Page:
I was just wondering how long I should keep this job, and if I should try and contact back the other parties that gave me offers. I'm going to restart my job search for sure though. I'd also like to know everyone else's experiences with door-to-door sales.

This post has got a bit long so I'll give a rundown of the points.

Question: I'm wondering whether I should keep a door-to-door sales job.

Pros:
-$100/sale + bonuses which is good since I need money for uni
-Improves my somewhat poor speaking skills
-Even if I don't get much I don't really need too much since I study from home and commute to university (my tuition is paid by scholarships, bursaries, OSAP and my parents)
-I've already made my first sale

Cons
-Pay is not assured so I may not be earning too much depending on my luck
-People aren't nice and most others I've talked to have described bad experiences in door-to-door sales
-I've checked with my university's career site and they have a lot of jobs listed. I might be able to fin a better job. There is however, no guarantee that I would find another job

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Posts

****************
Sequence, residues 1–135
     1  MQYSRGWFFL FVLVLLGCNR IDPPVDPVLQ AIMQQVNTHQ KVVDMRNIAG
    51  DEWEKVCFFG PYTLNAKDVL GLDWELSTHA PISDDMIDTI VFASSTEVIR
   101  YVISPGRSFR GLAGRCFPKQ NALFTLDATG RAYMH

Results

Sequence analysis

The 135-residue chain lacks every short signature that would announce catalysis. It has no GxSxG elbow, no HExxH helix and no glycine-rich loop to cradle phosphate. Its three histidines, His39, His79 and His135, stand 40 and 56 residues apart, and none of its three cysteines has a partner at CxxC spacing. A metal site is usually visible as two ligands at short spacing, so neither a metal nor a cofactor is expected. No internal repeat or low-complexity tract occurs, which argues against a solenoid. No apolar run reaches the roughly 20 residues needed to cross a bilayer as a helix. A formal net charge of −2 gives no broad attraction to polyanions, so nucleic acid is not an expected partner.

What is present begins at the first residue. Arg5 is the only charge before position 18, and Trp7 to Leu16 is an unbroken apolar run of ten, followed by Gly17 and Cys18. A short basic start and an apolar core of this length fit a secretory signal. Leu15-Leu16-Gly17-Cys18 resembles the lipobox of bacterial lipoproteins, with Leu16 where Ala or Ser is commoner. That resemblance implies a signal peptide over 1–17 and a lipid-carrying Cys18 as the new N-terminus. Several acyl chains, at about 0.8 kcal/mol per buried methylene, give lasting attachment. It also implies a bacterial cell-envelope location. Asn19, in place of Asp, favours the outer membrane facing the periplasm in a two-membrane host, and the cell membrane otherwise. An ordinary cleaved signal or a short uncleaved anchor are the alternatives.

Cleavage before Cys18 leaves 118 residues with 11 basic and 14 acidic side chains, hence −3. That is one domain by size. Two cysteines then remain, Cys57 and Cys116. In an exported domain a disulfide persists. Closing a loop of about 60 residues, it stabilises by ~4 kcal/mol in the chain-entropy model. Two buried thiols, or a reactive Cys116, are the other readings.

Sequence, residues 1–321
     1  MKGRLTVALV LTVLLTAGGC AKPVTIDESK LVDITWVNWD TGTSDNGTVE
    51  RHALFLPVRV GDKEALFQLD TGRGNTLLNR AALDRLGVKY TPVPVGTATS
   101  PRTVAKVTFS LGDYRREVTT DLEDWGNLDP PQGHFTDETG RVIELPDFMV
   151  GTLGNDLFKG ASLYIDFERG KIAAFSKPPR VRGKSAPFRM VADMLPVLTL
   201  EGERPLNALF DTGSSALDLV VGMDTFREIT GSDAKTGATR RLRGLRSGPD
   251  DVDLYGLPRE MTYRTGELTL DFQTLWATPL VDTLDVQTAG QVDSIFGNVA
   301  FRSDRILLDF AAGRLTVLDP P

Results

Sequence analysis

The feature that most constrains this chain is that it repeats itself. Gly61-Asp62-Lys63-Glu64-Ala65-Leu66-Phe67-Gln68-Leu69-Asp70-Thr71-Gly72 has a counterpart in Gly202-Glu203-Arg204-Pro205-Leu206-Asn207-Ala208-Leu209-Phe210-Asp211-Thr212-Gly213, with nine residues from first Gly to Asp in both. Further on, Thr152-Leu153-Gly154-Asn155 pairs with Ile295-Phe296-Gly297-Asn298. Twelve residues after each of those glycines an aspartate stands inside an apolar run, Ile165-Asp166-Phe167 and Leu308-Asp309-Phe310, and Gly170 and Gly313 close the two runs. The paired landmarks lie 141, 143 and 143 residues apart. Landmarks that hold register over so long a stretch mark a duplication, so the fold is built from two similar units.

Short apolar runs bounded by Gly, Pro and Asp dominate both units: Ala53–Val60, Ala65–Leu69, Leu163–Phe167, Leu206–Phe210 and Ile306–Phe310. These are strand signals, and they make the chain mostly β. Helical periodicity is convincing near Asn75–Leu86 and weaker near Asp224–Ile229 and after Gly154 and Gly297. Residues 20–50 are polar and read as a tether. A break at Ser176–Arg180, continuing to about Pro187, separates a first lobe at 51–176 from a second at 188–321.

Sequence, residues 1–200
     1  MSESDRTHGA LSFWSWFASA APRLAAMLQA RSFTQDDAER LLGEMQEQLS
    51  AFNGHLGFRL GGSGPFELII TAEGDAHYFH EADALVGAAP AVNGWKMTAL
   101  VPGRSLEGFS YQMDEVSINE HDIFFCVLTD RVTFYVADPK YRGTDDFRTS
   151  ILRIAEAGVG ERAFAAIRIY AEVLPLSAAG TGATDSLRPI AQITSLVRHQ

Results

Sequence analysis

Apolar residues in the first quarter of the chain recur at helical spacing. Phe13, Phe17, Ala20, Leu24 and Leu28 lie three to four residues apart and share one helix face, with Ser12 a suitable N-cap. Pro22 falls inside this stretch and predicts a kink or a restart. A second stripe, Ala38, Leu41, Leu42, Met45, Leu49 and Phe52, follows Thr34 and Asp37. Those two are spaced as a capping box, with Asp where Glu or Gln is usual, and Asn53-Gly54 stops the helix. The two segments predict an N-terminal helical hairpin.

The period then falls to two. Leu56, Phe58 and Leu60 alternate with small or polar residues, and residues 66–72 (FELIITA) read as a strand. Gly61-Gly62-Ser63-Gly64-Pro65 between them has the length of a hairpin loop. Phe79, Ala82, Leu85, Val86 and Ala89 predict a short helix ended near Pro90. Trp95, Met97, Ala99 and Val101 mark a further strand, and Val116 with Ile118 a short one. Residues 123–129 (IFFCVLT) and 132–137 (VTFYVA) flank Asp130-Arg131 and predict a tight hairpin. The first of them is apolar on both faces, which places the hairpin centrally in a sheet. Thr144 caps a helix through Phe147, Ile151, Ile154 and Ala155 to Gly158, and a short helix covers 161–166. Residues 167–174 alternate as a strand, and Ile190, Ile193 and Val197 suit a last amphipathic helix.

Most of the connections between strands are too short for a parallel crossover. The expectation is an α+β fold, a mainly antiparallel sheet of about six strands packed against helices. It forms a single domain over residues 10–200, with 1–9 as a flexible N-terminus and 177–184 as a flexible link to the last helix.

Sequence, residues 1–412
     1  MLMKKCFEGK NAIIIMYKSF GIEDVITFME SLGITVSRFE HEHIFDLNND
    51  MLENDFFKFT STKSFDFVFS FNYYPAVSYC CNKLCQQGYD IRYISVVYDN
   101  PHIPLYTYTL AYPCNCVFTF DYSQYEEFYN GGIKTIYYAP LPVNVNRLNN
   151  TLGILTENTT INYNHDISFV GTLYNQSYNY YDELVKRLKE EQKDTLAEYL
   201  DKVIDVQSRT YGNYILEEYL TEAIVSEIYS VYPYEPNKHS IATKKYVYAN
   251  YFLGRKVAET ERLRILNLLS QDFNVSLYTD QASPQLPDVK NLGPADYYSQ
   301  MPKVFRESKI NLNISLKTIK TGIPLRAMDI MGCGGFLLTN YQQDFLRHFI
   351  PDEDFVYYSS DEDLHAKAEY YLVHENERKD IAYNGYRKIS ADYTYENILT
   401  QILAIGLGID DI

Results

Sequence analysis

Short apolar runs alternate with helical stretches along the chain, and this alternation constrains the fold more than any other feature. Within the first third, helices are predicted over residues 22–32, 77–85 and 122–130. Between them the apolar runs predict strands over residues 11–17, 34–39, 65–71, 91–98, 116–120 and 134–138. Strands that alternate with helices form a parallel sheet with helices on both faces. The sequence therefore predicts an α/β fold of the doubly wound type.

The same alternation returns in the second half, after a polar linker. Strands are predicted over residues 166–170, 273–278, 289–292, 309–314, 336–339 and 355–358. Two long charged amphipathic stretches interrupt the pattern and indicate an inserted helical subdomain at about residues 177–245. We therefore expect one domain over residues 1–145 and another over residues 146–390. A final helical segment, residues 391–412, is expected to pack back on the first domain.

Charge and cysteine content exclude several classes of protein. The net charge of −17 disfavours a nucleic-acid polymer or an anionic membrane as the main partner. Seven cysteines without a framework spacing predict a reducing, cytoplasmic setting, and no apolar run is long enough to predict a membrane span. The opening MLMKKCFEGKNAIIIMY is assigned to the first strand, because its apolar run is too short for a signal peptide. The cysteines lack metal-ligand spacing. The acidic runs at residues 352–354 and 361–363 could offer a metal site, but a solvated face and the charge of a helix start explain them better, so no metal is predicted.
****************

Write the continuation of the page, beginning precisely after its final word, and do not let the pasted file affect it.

• HyperAquaBlastHyperAquaBlast Registered User regular
    edited April 2010
    Wow I'm surprised this kind of profession still exists.

    For needing a job and this is working then I'd say stay with it till you know you can get something else.

    As for the job you do just know that no one likes you. Not you personally just you the salesman. You know spam email and junk snail mail? Well you can ignore it and throw it away but you actually exist and are knocking on my door bothering me to buy a water heater of all things.

    HyperAquaBlast on
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  • DhalphirDhalphir don't you open that trapdoor you're a fool if you dareRegistered User regular
    edited April 2010
    As long as you have a thick skin and can deal with either suppressed or overt hostility when you knock on someone's door, I say go for it.

    Dhalphir on
  • EshEsh Tending bar. FFXIV. Motorcycles. Portland, ORRegistered User regular
    edited April 2010
    Quit and get a job through the university. That shit is demeaning. Does where you go not offer work study? I just got all my FAFSA award information for Fall 2010-2011, and they offered me $1,000 a term PLUS whatever I would make at the job I was placed at. I already have a job, but it's just a thought.